Section 6002 provides that a grand jury witness given use and derivative use immunity cannot rely on his privilege against self-incrimination to refuse to testify,
'but no testimony or other information compelled under the order (or any information directly or indirectly derived from such testimony or other information) may be used against the witness in any criminal case, except a prosecution for perjury, giving a false statement, or otherwise failing to comply with the order.' (Emphasis added.)
We accept the Government's construction of section 6002 as it applies to Alter:
'(T)he phrase beginning with 'or otherwise' as italicized above, modifies the meaning of the preceding quoted phrase beginning with 'except.' The concluding phrase indicates that the compelled testimony may be used in prosecutions for giving false statements in response to the command to testify. But for the 'exception' quoted here, all testimony given in compliance with the command to testify cannot be used, as proscribed under the preceding language of the immunity grant. . . . (T)he testimony which appellant might have given could not be used against him in any prosecution for any false statements made to anyone outside of the grand jury.'
Kastigar v. United States (1972) 406 U.S. 441, 92 S.Ct. 1653, 32 L.Ed.2d 212 buttresses this conclusion.
Id. at 1028.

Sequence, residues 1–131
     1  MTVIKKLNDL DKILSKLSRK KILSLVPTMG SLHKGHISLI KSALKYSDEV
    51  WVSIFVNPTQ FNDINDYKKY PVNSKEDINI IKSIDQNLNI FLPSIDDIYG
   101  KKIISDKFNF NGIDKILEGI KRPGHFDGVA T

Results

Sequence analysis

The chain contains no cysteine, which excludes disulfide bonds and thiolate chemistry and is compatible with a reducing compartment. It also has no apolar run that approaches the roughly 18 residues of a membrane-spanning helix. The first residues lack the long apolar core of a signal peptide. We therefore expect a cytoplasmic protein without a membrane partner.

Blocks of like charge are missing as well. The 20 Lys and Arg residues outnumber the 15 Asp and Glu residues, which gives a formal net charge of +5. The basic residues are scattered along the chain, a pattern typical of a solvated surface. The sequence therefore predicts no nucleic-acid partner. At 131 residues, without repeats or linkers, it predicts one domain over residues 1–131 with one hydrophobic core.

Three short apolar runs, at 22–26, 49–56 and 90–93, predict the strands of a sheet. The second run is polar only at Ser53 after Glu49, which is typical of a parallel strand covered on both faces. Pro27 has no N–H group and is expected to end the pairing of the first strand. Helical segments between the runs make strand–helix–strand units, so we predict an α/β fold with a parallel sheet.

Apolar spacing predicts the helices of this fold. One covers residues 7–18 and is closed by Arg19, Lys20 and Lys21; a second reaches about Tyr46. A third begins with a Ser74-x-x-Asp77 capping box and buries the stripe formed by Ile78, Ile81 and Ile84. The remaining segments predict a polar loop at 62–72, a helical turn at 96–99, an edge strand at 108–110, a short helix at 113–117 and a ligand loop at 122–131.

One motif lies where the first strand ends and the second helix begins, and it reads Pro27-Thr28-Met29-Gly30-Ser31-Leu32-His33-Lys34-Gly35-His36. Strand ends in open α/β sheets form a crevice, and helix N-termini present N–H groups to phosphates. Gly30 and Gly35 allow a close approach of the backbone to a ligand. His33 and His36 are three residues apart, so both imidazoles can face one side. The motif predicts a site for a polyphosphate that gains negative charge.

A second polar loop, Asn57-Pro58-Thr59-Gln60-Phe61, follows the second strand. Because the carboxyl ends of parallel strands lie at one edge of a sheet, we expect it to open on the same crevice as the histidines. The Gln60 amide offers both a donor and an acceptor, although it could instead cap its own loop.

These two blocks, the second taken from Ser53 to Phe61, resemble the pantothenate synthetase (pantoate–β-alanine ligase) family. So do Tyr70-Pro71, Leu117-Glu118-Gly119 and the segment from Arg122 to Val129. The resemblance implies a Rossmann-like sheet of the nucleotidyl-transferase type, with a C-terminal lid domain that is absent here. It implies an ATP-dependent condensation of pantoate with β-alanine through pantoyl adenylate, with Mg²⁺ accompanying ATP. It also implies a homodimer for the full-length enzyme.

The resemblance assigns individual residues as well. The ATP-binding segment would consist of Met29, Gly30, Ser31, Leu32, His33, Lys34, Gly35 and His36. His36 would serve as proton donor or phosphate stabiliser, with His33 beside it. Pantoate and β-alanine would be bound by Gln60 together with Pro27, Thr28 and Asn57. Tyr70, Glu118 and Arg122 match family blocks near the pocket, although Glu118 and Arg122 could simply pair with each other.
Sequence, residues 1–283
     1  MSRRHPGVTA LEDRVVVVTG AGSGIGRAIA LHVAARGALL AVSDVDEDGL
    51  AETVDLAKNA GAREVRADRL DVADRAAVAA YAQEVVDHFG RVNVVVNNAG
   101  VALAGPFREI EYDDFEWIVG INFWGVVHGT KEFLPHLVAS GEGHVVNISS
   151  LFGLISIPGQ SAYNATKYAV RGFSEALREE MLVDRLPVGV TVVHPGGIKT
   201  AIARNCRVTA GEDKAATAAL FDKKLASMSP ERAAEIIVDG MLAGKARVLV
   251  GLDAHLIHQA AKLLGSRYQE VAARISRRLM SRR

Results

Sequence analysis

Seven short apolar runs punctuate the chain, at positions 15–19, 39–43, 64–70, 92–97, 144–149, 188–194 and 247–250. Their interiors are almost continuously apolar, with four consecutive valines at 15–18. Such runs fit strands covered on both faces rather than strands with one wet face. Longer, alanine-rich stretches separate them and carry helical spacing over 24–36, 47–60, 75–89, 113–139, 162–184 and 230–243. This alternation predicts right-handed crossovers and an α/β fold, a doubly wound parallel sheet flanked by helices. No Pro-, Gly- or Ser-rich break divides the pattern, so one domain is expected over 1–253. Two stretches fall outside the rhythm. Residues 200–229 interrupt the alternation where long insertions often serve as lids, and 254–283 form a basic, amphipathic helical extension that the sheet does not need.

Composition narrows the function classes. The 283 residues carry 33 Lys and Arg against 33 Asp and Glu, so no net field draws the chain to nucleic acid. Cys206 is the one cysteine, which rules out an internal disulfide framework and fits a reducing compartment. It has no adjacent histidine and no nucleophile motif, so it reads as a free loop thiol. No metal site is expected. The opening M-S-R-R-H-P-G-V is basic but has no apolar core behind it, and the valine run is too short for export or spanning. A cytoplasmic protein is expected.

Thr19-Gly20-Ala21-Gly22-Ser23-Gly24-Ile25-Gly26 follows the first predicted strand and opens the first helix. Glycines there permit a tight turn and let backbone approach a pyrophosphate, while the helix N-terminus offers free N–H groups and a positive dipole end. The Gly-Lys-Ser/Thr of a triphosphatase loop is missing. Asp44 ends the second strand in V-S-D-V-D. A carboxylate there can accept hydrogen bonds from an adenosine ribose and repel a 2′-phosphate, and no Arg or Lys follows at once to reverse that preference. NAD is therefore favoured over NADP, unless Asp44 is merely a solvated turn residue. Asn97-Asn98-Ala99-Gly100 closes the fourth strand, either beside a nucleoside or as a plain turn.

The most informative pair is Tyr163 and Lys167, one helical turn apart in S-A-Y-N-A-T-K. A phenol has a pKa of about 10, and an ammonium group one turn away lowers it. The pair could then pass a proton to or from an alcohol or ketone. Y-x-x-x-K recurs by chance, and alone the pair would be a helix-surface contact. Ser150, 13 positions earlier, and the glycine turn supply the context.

We conclude that the grant of immunity to Taylor preserves his Fifth Amendment privilege and precludes the Government from using his compelled testimony against him unless he commits perjury before the grand jury or otherwise fails to comply with the immunity order. Fear of reprisal is a legally insufficient ground for refusal to testify. Taylor's claim of double jeopardy or estoppel is without merit.
The order of the district court committing Taylor for civil contempt is affirmed. The mandate shall issue forthwith.
18 U.S.C.A. § 6002, under which immunity was granted, provides in pertinent part:
(N)o testimony or other information compelled under the order (or any information directly or indirectly derived from such testimony or other information) may be used against the witness in any criminal case, except a prosecution for perjury, giving a false statement, or otherwise failing to comply with the order.